I thought I would say that Glims & Gloms Dance Company’s Mr Hillo’s Confusion is not theater for children. I want to correct my opinion. This is specifically for children, and especially intended to be seen by teenagers and their educators.
Here Espoo has an artist couple that the city perhaps does not deserve. Simo Heiskanen and Tuomo Railo ventilate attitudes on every front: as dancers and as makers of children’s theater, and Railo as a physically strong dancer as well as a talented artist.
Going to see the performance of Heiskanen’s new JAM – Mr Hillo’s Confusion, I thought I was going to a jolly, traditional Finnish children’s theater performance, but it turned out to be anything but that. Drawing from the tradition of Commedia dell’arte, the performance presents the archetypal roles, but mixes them merrily. It doesn’t matter which role each and everyone is playing.
Heiskanen himself acts as the master of ceremonies who presents the characters, wearing a classical clown’s makeup, of course. The court jester has always gotten to tell the truth in a clown’s costume.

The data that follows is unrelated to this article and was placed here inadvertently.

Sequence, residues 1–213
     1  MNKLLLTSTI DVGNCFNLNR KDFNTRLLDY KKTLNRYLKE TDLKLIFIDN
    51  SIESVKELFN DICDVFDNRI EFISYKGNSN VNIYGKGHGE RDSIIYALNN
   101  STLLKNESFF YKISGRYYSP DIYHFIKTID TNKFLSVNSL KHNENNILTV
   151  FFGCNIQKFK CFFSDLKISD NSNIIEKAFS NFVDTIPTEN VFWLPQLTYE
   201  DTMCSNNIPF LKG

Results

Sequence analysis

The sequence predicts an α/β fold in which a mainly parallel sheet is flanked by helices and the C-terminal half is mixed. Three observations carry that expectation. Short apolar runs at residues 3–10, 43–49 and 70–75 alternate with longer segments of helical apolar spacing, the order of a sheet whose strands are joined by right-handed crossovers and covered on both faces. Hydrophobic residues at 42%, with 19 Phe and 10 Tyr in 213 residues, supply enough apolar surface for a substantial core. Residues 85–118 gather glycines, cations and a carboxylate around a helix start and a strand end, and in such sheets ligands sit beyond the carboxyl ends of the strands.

The performance confuses how you think and how you could think in a different way. Mikko Makkonen plays the role of the charming Esmeralda without making the character a drag show travesty. In his floaty skirt and princess costume he does not taunt girlhood.
Jonna Aaltonen in the role of Urho does not choose the most obvious path, either. She has realised that being a man doesn’t mean chortling and groin rubbing. Urho is, despite his name, a small person who is carried and tossed around by others. Gender stereotypes get mocked without a trace of bitterness.
I’ve always loved Eero Vesterinen’s natural way combining motion and expression. Now he has been given, according to my interpretation, the role of Arlecchino. In this role, you can say anything without gendering. And he certainly does! Vesterinen’s motion and body language feature every little nuance that you can imagine to be expressed. I could watch his physical presence forever.
Heiskanen himself has composed the music for his work. As a renaissance character, he manages to make pastiches of the piano music accompanying silent movies and sound effects all the way to the strong ballads of the political song movement.
The style chosen for Mr Hillo’s Confusion – combining classical theater style with silent movies, miming and slapstick – works perfectly. The name of the work tells and does not tell something of it. This does, after all, create confusion.